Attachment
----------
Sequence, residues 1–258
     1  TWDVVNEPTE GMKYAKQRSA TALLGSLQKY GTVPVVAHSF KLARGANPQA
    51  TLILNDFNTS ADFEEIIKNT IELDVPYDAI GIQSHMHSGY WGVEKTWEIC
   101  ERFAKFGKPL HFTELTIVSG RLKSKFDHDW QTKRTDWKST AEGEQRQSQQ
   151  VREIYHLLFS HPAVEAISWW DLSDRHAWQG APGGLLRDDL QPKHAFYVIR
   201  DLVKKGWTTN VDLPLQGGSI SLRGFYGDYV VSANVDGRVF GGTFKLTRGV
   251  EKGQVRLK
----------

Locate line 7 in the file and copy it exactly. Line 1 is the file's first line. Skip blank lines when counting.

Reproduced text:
   251  EKGQVRLK